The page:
FIGS. 2-4 illustrate different views of the elevator construction of the invention; and
FIG. 5 illustrates a cylindrical tube forming part of the elevated construction of the invention.
In referring to FIG. 1, it is to be understood that it is a simplified showing of the Rockwood construction in U.S. Pat. No. 5,245,940. A load lifting device for the personal watercraft 10 includes an elongated vertical post 12 having a lower post portion 14 and a separable upper post portion 16. As illustrated, the lower post portion 14 is intended to be driven (or jetted) at its lower end into the ground bottom 18 beneath the water 20 adjacent a dock or seawall 22 prior to mounting the upper post portion 16 thereon. A bracket 24 is secured to the dock or seawall 22 to stabilize the upper end 26 of the lower post portion 14, with the upper end 26 being substantially flush with the top of the dock or seawall 22 as shown.
Mounted on the top of the upper post portion 16 is a winch 28 which is provided with a cable 30 as a hoist for coupling the winch to the watercraft supporting cradle 32. As shown, the watercraft supporting cradle 32 is cantilevered on the vertical post 12 and extends laterally from it for vertically sliding movement therealong, as by means of rollers 33, and between the upper and lower post portions 16 and 14, and is arranged to be disposed beneath the watercraft 10 to lift or lower it. The cradle 32 may comprise a horizontal platform 34 consisting of laterally spaced tubular members across which are secured watercraft supporting bunks 36 upon which the watercraft 10 sits when lifted or lowered--or, instead of supporting "bunks" 36, a plurality of rollers may be utilized, as a preference in being able to slide the watercraft onto the cradle from off a dolly for launching, and for loading it back onto the dolly after recovery. As will be understood, the winch 28 and cable 30 thus raise and lower the cradle 32 along the rollers 33 for recovering and launching the watercraft 10--and, depending upon the design (although not shown as such), can be constructed to "swing" the cradle when fully lifted above the dock or seawall 22 to swing in a 360° arc to facilitate the off-loading of the watercraft, the placement of gear upon it, etc.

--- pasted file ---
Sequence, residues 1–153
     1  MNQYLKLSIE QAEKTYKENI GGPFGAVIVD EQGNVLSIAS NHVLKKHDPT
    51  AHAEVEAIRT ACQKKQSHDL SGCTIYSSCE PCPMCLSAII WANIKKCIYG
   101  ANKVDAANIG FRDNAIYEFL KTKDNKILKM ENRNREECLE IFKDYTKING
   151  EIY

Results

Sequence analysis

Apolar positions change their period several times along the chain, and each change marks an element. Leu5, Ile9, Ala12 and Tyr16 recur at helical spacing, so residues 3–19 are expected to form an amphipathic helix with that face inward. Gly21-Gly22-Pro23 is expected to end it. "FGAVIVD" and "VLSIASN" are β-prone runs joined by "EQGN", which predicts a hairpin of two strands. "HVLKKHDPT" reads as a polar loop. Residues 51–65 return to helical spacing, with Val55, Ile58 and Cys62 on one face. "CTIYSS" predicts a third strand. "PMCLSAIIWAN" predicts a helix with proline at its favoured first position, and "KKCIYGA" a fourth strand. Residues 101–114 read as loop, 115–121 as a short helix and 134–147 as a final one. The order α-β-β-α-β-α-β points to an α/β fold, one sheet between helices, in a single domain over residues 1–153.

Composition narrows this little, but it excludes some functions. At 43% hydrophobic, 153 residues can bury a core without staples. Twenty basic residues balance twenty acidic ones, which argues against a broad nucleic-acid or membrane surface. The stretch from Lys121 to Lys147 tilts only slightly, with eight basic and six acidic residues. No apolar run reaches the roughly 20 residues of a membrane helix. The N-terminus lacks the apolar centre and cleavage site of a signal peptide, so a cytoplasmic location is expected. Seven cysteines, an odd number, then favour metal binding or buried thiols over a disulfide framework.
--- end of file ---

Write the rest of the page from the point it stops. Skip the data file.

In accordance with the present invention as illustrated in FIGS. 2-5, the vertical post 12 may be selected of polygonal cross-sectional shape--and preferably square-shaped. A cylindrical tube 40 is enclosed within the upper post portion 16, having a first plurality of apertures 42 vertically disposed along its length, at the bottom of the tube (FIG. 5). Also shown is a second plurality of apertures 44 vertically disposed along an upper end of the lower post portion 14.
The angle bracket 24 of FIG. 1 is more clearly shown in FIGS. 3 and 4 as including a first horizontally extending surface 46 with a third plurality of apertures 48 horizontally spaced across it for securement to the dock or seawall 22. Such angle bracket 24 also includes a second vertically extending surface 50 with a fourth plurality of apertures 52 vertically spaced across there as well. Likewise shown is a third surface 54 on the angle bracket 24 extending between the surfaces 46, 50 and effectively dividing the apertures 52 such that some of the apertures 52 are located above the surface 54 while some of them are located below the surface 54, as shown. With the lower and upper post portions 14, 16 being of square cross-sectional shape--and preferably fabricated from galvanized iron--, the plurality of apertures 52 are shown as being vertically disposed along a corner edge surface 56 at the upper end 26 of the lower post portion 14.